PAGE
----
Librarians point readers in the right direction

Tyler
Tyler Clarke
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John M. Cuelenaere Public Library staffers Ted Snow, Sharon Nelson, Greg Elliott and Gail Evans, from left, gather around Elliott’s pick for favourite book of the moment -- “The Martian” by Andy Weir. 

Librarians take out their share of the more than 20,000 books lent out per month at the John M. Cuelenaere Public Library.

 

In advance of Thursday’s World Book Day, the Daily Herald stopped by the library to gather the latest book news from local librarians, as well as which books they’re currently keen on endorsing.

Reporting a gradual rise in e-book and e-audio book loans, deputy director Greg Elliott said that they’re up to about 500 electronic loans per month -- still significantly shy of the 20,000 print editions taken out.

“E-books still tend to be a bit of a new format, and so people are still used to taking out the print books,” he explained.

“Over time, of course there will be a change, but who knows when that breaking point will happen.”

There’s one thing he’s certain of -- print is here to stay.

“It’s physical and people tend to have an emotional attachment to it,” he said, noting print’s multi-generational appeal.

“Babies today enjoy chewing their books,” he said with a chuckle. “They like the touch, they like the feel, they like the taste, strangely enough.”

Lifting a copy of his favourite book of the moment, Elliott said that The Martian by Andy Weir was quick to hook him in.

The hard science fiction novel about an astronaut who’s stranded on Mars due to a dust storm remains “quite believable,” he explained.

“The science was quite accurate and the development of the character was very good,” he said. “The insight into space exploration was intelligent, and it was quite amusing.

“Whether it’s fiction or non-fiction I look for something that can expand my impressions of the world and force me to think.”

Fellow librarian Ted Snow shares this sentiment, although his reading preference is non-fiction.

Snow’s recommendation is “The Blank Slate” by Stephen Pinker -- a book he said is “about human nature and whether when we’re born … like a blank slate or do we have a personality that’s already there.”

He explained that non-fiction books more easily absorb his attention, in that they teach him more about the real world around him.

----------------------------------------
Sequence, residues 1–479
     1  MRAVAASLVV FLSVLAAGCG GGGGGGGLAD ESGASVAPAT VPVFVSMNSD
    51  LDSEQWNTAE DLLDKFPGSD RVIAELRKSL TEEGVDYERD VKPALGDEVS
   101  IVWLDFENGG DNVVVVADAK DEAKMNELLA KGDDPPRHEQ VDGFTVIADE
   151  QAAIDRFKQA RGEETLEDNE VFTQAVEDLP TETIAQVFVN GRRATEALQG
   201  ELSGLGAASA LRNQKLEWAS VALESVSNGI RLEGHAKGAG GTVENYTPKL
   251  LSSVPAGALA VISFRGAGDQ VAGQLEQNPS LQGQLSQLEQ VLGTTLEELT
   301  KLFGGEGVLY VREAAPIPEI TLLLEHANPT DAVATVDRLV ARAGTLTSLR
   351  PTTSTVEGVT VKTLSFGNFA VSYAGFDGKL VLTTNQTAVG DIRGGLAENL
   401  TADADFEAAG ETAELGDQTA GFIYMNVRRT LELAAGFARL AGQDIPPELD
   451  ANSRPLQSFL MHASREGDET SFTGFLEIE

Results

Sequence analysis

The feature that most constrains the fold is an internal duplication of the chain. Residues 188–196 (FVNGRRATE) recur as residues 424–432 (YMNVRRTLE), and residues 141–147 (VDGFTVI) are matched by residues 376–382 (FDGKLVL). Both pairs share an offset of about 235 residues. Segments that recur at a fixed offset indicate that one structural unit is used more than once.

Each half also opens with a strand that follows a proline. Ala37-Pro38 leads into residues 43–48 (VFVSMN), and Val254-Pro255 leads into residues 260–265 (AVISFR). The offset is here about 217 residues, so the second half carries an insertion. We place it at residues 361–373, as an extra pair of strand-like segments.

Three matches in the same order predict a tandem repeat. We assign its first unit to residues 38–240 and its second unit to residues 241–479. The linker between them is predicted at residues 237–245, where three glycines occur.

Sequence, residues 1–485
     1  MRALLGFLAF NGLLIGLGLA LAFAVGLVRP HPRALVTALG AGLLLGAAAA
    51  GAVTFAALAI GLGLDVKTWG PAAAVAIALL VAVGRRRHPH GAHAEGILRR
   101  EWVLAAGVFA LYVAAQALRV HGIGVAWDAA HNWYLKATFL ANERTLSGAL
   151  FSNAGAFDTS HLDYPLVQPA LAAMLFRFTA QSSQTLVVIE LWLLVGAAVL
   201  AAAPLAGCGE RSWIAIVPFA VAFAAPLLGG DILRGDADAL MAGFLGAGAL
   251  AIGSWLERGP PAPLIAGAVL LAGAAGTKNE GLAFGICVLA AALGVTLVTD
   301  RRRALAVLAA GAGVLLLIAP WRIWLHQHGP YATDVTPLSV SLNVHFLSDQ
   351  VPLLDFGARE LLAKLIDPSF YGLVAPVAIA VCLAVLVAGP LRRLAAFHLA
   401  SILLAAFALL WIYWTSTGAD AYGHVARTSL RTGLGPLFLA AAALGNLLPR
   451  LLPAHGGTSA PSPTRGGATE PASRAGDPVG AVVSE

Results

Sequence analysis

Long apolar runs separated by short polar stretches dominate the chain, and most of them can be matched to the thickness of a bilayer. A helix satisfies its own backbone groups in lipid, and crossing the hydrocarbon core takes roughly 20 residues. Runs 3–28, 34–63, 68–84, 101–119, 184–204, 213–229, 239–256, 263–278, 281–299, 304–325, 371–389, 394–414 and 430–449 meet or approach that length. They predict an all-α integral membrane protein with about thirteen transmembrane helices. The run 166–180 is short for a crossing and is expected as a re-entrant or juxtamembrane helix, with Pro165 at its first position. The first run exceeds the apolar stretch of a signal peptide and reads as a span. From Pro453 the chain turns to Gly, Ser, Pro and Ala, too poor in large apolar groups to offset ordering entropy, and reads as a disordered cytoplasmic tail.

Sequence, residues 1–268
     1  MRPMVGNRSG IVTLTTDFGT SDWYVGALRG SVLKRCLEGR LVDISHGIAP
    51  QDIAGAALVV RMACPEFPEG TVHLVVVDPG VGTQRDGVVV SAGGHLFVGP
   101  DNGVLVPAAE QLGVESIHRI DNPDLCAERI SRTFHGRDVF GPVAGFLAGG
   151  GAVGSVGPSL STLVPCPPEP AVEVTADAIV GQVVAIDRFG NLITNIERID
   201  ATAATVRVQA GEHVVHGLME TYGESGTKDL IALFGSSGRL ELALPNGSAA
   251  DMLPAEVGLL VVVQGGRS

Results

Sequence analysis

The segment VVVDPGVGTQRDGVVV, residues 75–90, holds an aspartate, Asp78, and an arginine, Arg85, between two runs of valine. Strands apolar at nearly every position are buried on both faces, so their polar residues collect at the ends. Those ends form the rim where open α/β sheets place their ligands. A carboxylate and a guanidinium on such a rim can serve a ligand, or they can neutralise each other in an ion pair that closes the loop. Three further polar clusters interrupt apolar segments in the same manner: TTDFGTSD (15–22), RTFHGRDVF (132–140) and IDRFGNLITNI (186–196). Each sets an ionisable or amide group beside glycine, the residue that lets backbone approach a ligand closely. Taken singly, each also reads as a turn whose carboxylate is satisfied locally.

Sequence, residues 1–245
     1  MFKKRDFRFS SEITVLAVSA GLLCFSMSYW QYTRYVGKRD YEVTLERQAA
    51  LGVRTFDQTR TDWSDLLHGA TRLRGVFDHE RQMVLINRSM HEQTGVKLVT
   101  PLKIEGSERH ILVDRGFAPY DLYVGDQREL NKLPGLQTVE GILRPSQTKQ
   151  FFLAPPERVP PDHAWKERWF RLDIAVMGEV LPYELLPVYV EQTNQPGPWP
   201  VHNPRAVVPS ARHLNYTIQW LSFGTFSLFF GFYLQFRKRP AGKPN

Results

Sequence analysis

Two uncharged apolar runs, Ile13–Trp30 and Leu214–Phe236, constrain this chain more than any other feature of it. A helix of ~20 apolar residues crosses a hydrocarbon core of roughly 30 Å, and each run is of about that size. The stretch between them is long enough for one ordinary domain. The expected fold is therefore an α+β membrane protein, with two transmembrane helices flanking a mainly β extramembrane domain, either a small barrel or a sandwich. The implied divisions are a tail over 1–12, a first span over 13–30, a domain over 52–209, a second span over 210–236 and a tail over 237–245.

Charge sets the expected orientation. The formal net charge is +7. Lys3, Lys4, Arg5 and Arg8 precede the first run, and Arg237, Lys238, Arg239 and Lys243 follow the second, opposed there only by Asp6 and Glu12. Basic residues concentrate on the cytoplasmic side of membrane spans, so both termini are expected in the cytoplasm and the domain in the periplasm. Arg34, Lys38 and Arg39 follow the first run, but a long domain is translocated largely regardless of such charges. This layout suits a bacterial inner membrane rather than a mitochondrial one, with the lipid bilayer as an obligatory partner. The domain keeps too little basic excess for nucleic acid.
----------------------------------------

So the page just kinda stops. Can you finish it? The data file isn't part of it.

I love the fantasy, because our world is very stressful and you can just escape into the world of the elves and the dwarfs and the hobbits. Sharon Nelson

Using books as more an escape than Snow does, librarian Sharon Nelson’s current picks include the body of work by J.R.R. Tolkein -- particularly The Hobbit and Lord of the Rings series.

“I like a good plot and good character development,” she said.

“I love the fantasy, because our world is very stressful and you can just escape into the world of the elves and the dwarfs and the hobbits.”

A blend of Snow and Nelson’s preferences, Gail Evans recommends author Patricia Shaw’s historical fiction series about the pioneers who colonized Australia.

It’s through fictional accounts like these, and similar ones about Canada, that help shape one’s understanding of why people settled where they settled, she explained.

Throwing another favourite book into the mix, Nelson recommends parents read their children “My Lucky Day,” by Keiko Kasza -- a humorous story about an intelligent pig who outsmarts a hungry fox.

“It opens up their world right away, and it’s how they learn -- by reading,” she said, adding that it’s important that parents teach their children the importance of books.

“It keeps them away from all the screen time.”

All of the books that local library staff members recommend are available at the library, either through their on-site collection or inter-library loans.

Marking World Book Day on Thursday, the John M. Cuelenaere Public Library will host their final Read with the Raiders event, wherein children are encouraged to attend the library where local WHL hockey players will read to them.

The final Read with the Raiders event will begin at 5:30 p.m., and will be capped off with a draw, wherein the winner will become a Prince Albert Daily Herald reporter for a day.

The winning youngster will attend a Prince Albert Raiders home game with a Daily Herald reporter and help interview players for a story that will appear in the newspaper. 

Organizations: Daily Herald, Raiders, John M. Cuelenaere Public Library

Geographic location: Mars, Australia, Canada

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